Cannabis Sativa, the plant that provides us with marijuana, is seen as a natural wonder. It has more than 60 psychoactive drugs which directly affect the brain. The effects of these drugs kick-in as soon as it enters the body. Its effects last from 2 to 6 hours of smoking it up. During this one experiences a high, ecstatic feeling. It also causes the feelings of depersonalization and derealization. The mind fixates on one thought until it is disrupted by another, leading the person to lose focus of the reality. All these are the effects of smoking weed once. Since, marijuana is highly addictive, it is more likely that the person will do it again and that this will soon turn into a habit. So, it is important to know what are the long term effects of smoking marijuana.
Decline in IQ: It was seen in a research that smoking marijuana regularly leads to a decline in IQ. A 2016 review found that chronic use of cannabis during adolescence, a time when the brain is still developing, was correlated in the long term with lower IQ and chronic cognitive deficits, but it was not clear if chronic use caused the problems or if “persons who have poorer cognitive functioning may be more vulnerable to cannabis use and abuse.”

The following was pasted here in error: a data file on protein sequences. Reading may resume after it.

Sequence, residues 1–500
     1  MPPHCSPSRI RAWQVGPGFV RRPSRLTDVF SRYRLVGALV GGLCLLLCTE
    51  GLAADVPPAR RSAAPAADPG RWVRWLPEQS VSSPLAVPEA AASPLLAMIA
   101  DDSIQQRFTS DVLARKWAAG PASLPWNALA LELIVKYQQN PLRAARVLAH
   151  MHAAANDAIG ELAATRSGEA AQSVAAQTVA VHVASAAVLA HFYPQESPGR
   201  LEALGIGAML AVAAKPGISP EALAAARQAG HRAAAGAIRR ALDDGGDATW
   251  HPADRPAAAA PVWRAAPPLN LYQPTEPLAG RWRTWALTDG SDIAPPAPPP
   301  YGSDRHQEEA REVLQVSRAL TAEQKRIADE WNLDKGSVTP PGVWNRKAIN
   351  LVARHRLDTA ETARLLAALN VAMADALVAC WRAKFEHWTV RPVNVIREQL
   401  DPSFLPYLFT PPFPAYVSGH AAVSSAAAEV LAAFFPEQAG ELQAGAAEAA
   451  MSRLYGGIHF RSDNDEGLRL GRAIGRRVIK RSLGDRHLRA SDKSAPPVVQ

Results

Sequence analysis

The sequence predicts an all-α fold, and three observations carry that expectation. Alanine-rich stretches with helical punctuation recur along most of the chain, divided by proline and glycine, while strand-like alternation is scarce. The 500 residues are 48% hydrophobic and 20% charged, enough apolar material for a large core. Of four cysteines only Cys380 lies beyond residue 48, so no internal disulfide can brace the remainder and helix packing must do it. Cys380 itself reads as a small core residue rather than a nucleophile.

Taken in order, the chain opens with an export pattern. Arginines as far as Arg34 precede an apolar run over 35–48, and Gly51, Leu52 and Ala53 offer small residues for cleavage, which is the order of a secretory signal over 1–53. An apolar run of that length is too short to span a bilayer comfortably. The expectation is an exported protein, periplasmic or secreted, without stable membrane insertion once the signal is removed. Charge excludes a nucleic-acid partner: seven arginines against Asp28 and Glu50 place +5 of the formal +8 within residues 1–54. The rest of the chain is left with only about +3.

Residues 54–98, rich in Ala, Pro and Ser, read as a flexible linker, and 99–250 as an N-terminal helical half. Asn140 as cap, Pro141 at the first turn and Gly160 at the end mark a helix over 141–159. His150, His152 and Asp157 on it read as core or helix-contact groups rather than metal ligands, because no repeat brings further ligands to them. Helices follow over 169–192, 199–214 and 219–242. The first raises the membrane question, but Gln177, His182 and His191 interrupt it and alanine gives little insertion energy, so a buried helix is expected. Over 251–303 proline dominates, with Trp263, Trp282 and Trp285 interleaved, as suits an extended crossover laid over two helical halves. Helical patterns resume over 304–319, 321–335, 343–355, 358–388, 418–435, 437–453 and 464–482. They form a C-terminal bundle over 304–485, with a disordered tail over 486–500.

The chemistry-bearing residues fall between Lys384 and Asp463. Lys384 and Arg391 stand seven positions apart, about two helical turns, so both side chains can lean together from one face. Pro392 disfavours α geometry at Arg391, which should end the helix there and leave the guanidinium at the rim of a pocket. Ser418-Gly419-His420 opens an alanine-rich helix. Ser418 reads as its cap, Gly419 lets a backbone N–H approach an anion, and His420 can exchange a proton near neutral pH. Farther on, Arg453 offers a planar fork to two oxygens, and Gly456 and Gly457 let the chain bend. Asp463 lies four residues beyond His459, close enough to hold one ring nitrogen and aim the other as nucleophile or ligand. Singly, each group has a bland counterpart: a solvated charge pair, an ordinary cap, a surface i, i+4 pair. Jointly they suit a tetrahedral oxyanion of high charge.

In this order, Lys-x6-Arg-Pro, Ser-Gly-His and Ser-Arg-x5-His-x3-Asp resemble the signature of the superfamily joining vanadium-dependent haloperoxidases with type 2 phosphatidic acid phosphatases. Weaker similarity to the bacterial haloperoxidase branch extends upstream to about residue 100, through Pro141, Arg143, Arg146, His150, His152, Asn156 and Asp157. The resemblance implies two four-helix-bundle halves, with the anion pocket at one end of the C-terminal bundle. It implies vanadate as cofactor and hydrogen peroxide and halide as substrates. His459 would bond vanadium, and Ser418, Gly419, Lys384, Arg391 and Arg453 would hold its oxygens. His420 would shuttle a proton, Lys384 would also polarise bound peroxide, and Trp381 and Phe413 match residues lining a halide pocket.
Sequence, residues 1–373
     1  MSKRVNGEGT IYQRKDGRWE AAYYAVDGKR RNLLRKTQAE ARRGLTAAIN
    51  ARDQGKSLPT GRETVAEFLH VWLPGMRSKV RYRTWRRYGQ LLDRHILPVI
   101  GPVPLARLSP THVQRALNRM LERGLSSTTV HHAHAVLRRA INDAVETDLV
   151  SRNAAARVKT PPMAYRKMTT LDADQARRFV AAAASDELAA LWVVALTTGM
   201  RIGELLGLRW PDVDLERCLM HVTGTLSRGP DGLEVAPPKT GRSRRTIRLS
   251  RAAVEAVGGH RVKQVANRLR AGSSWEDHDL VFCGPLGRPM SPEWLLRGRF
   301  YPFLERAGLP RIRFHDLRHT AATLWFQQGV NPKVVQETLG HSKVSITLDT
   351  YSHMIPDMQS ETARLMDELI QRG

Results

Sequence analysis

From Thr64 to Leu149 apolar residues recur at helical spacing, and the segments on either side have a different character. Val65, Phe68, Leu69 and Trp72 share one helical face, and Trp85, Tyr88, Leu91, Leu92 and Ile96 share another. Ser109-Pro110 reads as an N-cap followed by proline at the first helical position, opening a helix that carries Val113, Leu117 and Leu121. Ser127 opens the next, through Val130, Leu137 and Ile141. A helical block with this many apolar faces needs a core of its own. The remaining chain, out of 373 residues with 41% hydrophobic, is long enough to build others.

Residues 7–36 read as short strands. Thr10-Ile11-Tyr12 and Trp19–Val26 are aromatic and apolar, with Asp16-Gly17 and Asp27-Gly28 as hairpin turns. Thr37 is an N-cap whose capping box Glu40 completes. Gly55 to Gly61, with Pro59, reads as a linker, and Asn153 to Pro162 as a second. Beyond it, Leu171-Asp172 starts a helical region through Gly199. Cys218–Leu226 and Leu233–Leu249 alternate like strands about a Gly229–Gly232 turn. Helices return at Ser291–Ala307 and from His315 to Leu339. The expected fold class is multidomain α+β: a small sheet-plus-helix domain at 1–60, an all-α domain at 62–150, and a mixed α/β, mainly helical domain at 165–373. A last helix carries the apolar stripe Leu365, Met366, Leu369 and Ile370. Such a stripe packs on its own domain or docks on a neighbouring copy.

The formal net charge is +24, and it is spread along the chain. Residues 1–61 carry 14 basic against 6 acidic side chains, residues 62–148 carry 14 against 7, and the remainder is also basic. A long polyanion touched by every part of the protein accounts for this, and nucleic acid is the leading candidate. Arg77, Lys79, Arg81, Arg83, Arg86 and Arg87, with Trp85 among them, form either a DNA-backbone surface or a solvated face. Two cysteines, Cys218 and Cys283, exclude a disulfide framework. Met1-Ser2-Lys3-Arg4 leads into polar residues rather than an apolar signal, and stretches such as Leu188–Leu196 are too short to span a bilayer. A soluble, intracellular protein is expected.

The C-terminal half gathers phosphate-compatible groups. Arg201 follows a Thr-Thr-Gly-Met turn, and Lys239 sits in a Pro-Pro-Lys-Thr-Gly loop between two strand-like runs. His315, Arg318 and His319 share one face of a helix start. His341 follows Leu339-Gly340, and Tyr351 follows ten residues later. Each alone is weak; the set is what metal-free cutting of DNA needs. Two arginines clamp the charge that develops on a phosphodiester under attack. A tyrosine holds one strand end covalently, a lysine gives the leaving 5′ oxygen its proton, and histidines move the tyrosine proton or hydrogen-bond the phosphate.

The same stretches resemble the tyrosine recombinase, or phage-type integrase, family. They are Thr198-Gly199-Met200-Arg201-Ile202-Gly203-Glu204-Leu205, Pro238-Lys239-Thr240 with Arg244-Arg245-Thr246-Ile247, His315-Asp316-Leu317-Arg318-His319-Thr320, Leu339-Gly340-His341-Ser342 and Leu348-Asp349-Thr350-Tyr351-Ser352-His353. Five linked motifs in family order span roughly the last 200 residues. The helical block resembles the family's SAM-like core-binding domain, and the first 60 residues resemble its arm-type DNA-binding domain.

Addiction Which Causes Potential Development of Opiate Abuse: It is a renowned fact that both, the body and the mind, get accustomed to the drug they are exposed to. Therefore, they develop a sort of resistance to it. The more the person tends to smoke-up, the lesser high he/she experiences. This might lead to frustration and the person might resort to other drugs, like Cocaine and Ecstasy, which have higher risk factors and are more dangerous.
Marijuana Changes the Brain Structure and Function: There’s been an ongoing debate about whether marijuana actually changes the brain, but recent evidence has suggested that it is linked to changes in the hippocampus, amygdala, and prefrontal cortex. It’s unclear, however, how long these effects last, whether they’re linked to behavioral changes, and whether they reverse after a person stops using the drug.
Regular Use is Linked to an Increased Risk of Psychotic Symptoms: That marijuana is linked to increased psychotic symptoms (e.g., delusions, hallucinations, disordered thinking) is fairly clear. But again, it’s been a chicken-and-egg problem, since it’s hard to show whether causation is at play, and which way the connection goes. However, it’s likely that the relationship actually goes both ways: Marijuana may lead to psychotic symptoms, and early psychotic symptoms may increase the likelihood that a person will smoke marijuana (particularly if there’s a family history of psychotic disorders).
Marijuana may indeed be harmful. There is a link between long-term marijuana use and increased rates of schizophrenia, depression and anxiety. Marijuana also increases a person’s heart rate for up to three hours after use, putting users at risk for heart attack during that period. Therefore, it is suggestible that the habit of smoking up regularly not be encouraged and be kept under check.